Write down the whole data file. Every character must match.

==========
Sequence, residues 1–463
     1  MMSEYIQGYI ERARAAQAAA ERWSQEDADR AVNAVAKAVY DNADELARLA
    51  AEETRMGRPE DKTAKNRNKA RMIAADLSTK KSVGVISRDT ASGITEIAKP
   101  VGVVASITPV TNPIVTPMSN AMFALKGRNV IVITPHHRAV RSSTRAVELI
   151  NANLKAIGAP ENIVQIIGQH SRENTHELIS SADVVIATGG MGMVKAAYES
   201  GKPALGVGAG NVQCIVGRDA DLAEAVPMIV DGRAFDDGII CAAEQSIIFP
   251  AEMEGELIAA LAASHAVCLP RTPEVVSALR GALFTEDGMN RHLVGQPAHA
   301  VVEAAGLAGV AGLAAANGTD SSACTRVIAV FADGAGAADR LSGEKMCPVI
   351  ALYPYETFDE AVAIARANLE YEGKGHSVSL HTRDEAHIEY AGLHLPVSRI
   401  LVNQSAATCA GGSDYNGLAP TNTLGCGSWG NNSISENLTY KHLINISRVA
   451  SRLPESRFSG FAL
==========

Sequence, residues 1–463
     1  MMSEYIQGYI ERARAAQAAA ERWSQEDADR AVNAVAKAVY DNADELARLA
    51  AEETRMGRPE DKTAKNRNKA RMIAADLSTK KSVGVISRDT ASGITEIAKP
   101  VGVVASITPV TNPIVTPMSN AMFALKGRNV IVITPHHRAV RSSTRAVELI
   151  NANLKAIGAP ENIVQIIGQH SRENTHELIS SADVVIATGG MGMVKAAYES
   201  GKPALGVGAG NVQCIVGRDA DLAEAVPMIV DGRAFDDGII CAAEQSIIFP
   251  AEMEGELIAA LAASHAVCLP RTPEVVSALR GALFTEDGMN RHLVGQPAHA
   301  VVEAAGLAGV AGLAAANGTD SSACTRVIAV FADGAGAADR LSGEKMCPVI
   351  ALYPYETFDE AVAIARANLE YEGKGHSVSL HTRDEAHIEY AGLHLPVSRI
   401  LVNQSAATCA GGSDYNGLAP TNTLGCGSWG NNSISENLTY KHLINISRVA
   451  SRLPESRFSG FAL